The boarder-crossing to Cambodia at Had Lek / Koh Kong was harmless, no odd fees to be payed, nor did I get the 3 month visa. Right after the border. Kids are waving again on the streets, the pavement is more bumpy and the surrounding hills are widely deforested – the same as on the way out at Pailin two weeks ago.
First stop in Koh Kong, a fairly nice town on a big river, close to the Sea. As the starting point for the Koh Kong island tours, there are a few tourists around, and the there is a good choice of hotels and Western style and prices restaurants. The barber is painful after almost 4 weeks not shaving. He's not using foam, and is very greedy with the cold water. Just spent one night in Koh Kong, and make my way towards Shianoukville on the fairly new road through the mountains and the well preserved forests. On the side of the road, there are funny elephant warning signs every once in a while, yet no elephant to see. From the top of some passes there are nice views of untouched forest covering soft hills and valleys until the horizon. Big rivers run from the mountains in the north to the Sea in the south. Big bridges cross them, looking like from a different world compared to the small shops and wooden houses beside. There are only few villages, so Bernards information about places to stay and eat and the long distances in between was indeed very helpful. The first night I stay in Trapang Rung in a nice homestay near a river, organized by the local Eco-tourism agency. Big fires in the woods spill smoke and burned palm leave parts in the air. I get no explanation for this fire. On the next day just after the first 40 kilometers in the mountains I arrive in Andoung Toek, stop at a little coffee shop and get into talk with a man that introduces himself as teacher at the school on the other side of the street. The more we talk, the more curious I get about his project here. Coming from a town from the other side of the Cardamom Mountains and having worked for a few big NGOs before, he and his colleague want to help the villagers with education in English and organic farming, introduce bio-gas installations to reduce the demand for firewood and electricity and set up eco-tourism here to gain additional income for the villagers. As well, they are curious about my thoughts to reduce the strong money dependency of the villagers. They would be happy if I would come again and help them teaching English for a while. We spent hours talking over lunchtime. We exchange contact details for further discussions, and I take off for the next 45 kilometers to Sre Ambel, a nice town on a river with two scum guesthouses beside each other.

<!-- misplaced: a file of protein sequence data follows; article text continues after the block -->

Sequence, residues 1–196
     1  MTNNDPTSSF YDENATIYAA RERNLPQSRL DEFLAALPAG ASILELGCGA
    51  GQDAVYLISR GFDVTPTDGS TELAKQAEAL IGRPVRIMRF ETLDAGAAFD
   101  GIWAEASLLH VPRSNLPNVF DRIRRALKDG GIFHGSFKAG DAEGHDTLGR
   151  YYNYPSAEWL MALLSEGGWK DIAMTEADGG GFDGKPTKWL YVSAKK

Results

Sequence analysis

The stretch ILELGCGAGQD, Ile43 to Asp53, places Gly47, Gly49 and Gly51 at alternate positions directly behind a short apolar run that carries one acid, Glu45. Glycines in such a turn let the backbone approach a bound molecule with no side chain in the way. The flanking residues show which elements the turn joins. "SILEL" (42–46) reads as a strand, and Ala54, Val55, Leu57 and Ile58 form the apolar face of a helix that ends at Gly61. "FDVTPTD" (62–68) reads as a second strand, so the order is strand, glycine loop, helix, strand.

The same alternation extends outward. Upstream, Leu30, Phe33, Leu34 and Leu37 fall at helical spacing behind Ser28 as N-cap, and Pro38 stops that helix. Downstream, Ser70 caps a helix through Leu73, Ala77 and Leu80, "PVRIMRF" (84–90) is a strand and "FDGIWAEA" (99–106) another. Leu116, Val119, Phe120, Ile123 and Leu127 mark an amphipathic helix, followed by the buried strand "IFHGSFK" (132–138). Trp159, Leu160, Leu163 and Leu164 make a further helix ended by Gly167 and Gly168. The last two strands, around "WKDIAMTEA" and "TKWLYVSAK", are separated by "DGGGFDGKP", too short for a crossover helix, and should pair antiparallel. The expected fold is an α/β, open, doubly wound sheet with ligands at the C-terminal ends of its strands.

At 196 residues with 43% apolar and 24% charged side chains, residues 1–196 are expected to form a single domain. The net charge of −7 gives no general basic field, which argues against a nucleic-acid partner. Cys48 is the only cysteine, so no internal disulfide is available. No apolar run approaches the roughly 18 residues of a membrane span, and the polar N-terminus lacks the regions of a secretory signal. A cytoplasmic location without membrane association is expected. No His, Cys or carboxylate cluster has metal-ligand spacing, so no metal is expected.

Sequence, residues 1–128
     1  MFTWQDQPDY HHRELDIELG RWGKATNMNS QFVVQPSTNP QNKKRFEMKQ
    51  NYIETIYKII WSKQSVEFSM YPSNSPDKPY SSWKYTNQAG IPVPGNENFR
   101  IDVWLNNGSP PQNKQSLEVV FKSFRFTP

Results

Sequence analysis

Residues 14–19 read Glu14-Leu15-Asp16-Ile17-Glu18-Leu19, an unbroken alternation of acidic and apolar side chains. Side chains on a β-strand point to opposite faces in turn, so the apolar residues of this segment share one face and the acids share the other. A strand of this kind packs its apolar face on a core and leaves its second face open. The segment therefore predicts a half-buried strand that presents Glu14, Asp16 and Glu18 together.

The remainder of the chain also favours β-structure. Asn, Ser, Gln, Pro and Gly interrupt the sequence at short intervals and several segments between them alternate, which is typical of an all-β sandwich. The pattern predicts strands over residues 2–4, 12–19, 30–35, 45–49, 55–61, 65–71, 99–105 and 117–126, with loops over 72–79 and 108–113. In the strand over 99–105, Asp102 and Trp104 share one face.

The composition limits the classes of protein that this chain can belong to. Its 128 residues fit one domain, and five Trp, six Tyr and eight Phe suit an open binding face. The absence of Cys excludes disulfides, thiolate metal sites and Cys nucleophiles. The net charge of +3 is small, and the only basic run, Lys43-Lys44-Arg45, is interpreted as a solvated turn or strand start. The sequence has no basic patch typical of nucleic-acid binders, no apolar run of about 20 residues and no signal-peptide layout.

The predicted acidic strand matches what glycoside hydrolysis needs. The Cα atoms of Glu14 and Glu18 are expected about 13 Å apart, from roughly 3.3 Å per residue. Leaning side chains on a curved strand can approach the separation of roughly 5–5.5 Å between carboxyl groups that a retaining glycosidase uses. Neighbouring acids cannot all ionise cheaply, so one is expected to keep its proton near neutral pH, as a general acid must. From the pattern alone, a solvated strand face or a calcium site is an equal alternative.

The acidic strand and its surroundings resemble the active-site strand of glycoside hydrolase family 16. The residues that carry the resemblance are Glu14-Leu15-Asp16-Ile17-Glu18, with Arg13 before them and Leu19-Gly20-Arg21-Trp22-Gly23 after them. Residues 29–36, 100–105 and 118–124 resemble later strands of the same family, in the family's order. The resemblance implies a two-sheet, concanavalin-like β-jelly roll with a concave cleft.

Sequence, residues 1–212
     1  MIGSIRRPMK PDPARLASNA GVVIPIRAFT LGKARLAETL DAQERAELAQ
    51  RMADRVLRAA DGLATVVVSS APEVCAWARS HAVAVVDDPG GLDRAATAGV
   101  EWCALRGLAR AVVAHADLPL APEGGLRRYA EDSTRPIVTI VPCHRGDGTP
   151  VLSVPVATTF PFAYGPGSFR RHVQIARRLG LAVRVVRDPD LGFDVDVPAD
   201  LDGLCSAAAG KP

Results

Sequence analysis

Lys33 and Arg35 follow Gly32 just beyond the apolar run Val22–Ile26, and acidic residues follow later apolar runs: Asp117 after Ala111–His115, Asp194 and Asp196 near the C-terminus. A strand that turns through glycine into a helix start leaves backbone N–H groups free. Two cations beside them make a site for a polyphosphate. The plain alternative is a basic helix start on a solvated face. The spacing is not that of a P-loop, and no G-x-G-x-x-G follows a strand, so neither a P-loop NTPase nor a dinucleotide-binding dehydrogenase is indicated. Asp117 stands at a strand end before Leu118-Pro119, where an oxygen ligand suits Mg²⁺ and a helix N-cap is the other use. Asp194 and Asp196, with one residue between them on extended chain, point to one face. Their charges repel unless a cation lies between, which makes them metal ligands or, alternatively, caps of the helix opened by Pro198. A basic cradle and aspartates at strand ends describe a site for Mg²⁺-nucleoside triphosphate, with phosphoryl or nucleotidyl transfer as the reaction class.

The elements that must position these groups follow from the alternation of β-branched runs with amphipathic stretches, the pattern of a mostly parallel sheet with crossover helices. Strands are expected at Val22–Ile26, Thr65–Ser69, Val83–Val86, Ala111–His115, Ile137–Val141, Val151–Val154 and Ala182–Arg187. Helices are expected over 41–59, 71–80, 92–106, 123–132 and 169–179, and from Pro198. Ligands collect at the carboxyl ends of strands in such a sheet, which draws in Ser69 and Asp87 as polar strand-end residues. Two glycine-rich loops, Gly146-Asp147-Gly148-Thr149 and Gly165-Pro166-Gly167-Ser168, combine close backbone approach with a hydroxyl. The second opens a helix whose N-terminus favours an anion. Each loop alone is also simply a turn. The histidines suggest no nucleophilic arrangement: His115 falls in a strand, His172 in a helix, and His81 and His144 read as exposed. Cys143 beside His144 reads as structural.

One more day to go to Shianoukville, a 100 kilometers with aching knees and a wound bum on a narrow road with mental truck and bus drivers, and the last 16 kilometers of ups and downs almost kill me. I decide to take the first guesthouse in town rather than exploring the beaches for tonight. 3 months, 3000 kilometers. Time to rest.
Shianoukville is a prospering Cambodian city, due to both the big deep sea harbor and the beaches that attract lots of foreign tourists. Some of them would come for a few party days on the rather crowded and expensive Occheuteal Beach with all the hotels, some move on to the more remote and quiet Otres beach and the bungalow resorts. Others would stay on Victory hill, known for affordable long term stay guesthouses and resorts and those certain girls in the bars at night. I stayed everywhere in these days, meeting and talking with all sorts of tourists, those who came and got stuck, those rushing through all the SEA countries in a few weeks and those elderly big European man that live their lifes as comfortable as possible here with cheap accommodation, drinks, girls and food. Mad world, mad world!